Amazon owned supermarket admits that a number of its stores have suffered a credit card data breach
A number of stores belonging to the health-focused American supermarket chain Whole Foods have had their card payment processing systems hacked.
The firm admitted a breach of the data belonging to customers who drank and dined in its taprooms and full-service restaurants.
Whole Food is of course now owned by Amazon, after the online retailer earlier this year finally succeeded in its long quest to become a major player in the grocery industry, with the $13.7bn buyout of Whole Foods.
At this stage, it is not known how many people have been affected in this latest breach of consumer data.
“Whole Foods Market recently received information regarding unauthorised access of payment card information used at certain venues such as taprooms and full table-service restaurants located within some stores,” the firm said in a statement.
It said that these venues use a different point of sale system than the company’s primary store checkout systems, and that payment cards used at the primary store checkout systems were not affected.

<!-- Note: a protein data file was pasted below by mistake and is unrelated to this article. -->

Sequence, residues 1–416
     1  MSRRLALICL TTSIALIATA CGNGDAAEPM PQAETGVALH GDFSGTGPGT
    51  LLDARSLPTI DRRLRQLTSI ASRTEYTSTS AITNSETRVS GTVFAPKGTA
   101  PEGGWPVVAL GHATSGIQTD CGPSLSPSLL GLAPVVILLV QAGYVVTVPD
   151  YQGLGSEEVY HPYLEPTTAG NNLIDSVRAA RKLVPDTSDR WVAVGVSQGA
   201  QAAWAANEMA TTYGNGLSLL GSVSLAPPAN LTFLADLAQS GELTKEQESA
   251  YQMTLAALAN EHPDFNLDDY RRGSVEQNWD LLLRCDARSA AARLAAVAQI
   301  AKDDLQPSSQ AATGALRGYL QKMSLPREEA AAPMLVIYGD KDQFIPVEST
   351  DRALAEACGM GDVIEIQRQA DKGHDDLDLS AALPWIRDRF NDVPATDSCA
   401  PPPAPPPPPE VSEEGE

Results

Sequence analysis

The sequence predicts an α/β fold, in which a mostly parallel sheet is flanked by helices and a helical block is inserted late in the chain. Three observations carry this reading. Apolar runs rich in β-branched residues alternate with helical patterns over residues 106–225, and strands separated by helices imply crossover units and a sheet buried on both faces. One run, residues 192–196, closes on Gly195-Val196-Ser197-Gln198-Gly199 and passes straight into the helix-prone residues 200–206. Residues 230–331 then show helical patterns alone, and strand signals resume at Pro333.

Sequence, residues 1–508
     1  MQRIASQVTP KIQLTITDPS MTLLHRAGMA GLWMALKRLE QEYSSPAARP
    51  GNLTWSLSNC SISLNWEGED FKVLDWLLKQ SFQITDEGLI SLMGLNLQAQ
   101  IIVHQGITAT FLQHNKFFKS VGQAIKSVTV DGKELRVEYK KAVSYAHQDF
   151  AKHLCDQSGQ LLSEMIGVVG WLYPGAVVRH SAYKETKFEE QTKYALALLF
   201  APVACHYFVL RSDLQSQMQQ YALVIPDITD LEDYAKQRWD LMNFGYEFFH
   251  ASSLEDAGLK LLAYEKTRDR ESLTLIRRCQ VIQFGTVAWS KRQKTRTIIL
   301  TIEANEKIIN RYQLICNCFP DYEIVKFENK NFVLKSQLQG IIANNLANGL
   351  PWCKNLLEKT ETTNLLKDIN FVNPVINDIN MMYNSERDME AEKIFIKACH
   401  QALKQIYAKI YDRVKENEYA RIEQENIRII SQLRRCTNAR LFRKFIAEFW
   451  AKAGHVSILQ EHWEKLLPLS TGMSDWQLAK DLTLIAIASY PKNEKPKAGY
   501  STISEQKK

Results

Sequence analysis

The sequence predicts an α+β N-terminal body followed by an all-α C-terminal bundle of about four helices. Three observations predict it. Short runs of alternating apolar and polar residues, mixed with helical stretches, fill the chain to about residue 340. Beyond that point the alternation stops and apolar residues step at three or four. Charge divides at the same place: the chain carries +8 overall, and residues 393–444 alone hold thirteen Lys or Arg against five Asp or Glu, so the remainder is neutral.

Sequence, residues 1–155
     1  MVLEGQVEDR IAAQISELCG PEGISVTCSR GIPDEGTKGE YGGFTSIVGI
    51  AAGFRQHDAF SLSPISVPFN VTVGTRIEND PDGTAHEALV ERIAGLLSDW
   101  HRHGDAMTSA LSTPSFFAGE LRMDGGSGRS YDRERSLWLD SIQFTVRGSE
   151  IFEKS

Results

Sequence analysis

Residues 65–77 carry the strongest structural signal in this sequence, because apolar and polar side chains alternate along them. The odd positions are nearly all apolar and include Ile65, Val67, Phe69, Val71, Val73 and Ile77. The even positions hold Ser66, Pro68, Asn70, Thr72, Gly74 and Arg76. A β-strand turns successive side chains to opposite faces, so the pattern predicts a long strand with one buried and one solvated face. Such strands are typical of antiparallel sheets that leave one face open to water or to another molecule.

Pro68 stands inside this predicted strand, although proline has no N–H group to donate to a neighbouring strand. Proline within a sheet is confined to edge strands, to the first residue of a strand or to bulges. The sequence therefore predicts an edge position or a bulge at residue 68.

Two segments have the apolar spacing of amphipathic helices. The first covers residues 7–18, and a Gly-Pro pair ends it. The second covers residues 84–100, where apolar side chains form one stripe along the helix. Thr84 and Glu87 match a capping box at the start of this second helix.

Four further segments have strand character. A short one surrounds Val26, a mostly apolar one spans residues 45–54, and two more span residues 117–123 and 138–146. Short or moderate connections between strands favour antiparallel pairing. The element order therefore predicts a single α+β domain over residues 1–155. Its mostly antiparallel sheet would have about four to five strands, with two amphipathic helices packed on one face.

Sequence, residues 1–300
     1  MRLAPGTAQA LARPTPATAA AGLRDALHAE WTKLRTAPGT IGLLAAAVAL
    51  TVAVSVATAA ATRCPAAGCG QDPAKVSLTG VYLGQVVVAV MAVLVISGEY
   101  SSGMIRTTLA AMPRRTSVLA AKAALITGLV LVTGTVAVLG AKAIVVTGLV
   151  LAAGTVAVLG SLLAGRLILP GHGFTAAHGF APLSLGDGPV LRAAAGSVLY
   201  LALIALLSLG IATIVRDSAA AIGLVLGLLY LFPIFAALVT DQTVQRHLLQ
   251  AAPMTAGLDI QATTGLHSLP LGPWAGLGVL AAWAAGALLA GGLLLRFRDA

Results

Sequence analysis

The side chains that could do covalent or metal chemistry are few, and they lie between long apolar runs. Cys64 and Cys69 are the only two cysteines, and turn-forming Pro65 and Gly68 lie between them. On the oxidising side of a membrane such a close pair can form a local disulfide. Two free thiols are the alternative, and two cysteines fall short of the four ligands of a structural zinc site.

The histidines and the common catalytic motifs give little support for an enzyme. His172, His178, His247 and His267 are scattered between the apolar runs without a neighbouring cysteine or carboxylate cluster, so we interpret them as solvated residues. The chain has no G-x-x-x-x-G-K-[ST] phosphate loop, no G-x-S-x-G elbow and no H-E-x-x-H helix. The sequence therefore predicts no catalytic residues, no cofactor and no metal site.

“When Whole Foods Market learned of this, the company launched an investigation, obtained the help of a leading cyber security forensics firm, contacted law enforcement, and is taking appropriate measures to address the issue,” said Whole Foods.
It said its investigation into the data breach is ongoing and customers should “closely monitor their payment card statements and report any unauthorised charges to the issuing bank.”
It also pointed out that transactions on Amazon.com have not been impacted as its systems do not connect to the online giant.
The Whole Foods data breach is the latest in a long line of compromises of customer data of late.
The most notable data breach recently has been that of credit monitoring firm Equifax. It admitted in earlier this month that the breach had exposed the names, social security numbers, birth dates, addresses and, in some cases, driver’s licence numbers and affected about 143 million people.
It had also exposed the credit card numbers of around 209,000 US consumers and the personal details of about 400,000 UK consumers, whose information was mistakenly stored in the US.
This devastating breach has led to the departure of the firm’s chairman and chief executive, Richard, as well as a number of other senior executives.